Delivering Highly Available Voice Services Using Technology and Carrier Diversity
When prioritizing the delivery of highly available voice services, technology and carrier diversity could be key.
SIP trunks have proven to drive costs savings, boost flexibility and address capacity challenges, but how do you ensure that your designs will deliver the high availability needs of your enterprise? Before completely retiring legacy TDM trunks, consider the benefits of blending them with your SIP trunks and taking advantage of technology diversity to drive higher availability. If your requirements demand ultrahigh availability, then take it a step further and consider carrier diversity.
In this article, we will cover a number of designs that blend the use of new and traditional technologies as well as multiple carriers to deliver highly available solutions for your voice environment. Regardless of your voice needs, technology and carrier diversity can provide simple and often cost effective ways to guard against downtime of voice services.
SIP Trunk Deployment Using Site Diversity
In a simple SIP trunk deployment, a carrier will provide inbound and outbound voice services over an IP Wide Area Network (WAN) connection (Typically MPLS or Internet). There are two deployment models in this case. The option you choose depends entirely on the carrier you procure your SIP trunk service from.
If you obtain SIP trunk services from your existing WAN MPLS vendor then you can simply consolidate voice and data services on the same physical links. This option produces some of the most attractive financial benefits, since you eliminate separate physical voice and data circuits. If you instead use different providers for SIP trunk and WAN services, then you'll need to deliver your voice service over-the-top of your WAN. In this case you need to provision separate physical links to your SIP trunk provider.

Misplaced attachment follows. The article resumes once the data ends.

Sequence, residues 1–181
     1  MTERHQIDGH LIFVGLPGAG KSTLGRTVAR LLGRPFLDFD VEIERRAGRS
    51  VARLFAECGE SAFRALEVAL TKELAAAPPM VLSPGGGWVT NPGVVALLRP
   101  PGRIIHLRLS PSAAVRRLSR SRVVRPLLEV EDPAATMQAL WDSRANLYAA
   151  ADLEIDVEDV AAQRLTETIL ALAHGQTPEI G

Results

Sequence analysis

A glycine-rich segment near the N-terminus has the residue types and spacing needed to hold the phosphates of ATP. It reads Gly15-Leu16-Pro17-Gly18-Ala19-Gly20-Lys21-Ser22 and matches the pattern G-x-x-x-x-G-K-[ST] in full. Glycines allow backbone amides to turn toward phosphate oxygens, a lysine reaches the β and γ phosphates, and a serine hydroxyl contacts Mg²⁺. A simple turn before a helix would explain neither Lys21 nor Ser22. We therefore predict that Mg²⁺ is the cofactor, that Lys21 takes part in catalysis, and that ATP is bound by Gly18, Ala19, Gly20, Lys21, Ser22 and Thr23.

Regardless of your deployment strategy, one of the main advantages of using SIP trunking is the ability to terminate these services in multiple data centers. With this approach you provide a very simple, cost-effective and highly available solution.
In the following diagram you can see how voice services from a single carrier are delivered to multiple data centers to create high availability through site diversity.
With this design, it's also important to split the call control function across the two data centers and maintain heartbeat via a back channel (in this example Metro Ethernet). This ensures that both call control and carrier services remain available in the event of a single data center failure.
External or off-net calls are delivered to and from remote offices via the data center trunks by routing this traffic over-the-top of the second carrier MPLS WAN. Enterprise Session Border Controllers (E-SBCs) provide the enterprise security boundary between you and the voice service provider, while carrier Session Board Controllers (SBCs) provide the security boundary between you and other enterprises. E-SBCs, in this case, also provide additional benefits like addressing fax issues, manipulating SIP headers, and protocol interworking. See my September article titled "Enterprise SBCs: Why they're so Important" for additional information on the value of E-SBCs.
Next page: SIP Trunk and PRI Technology Diversity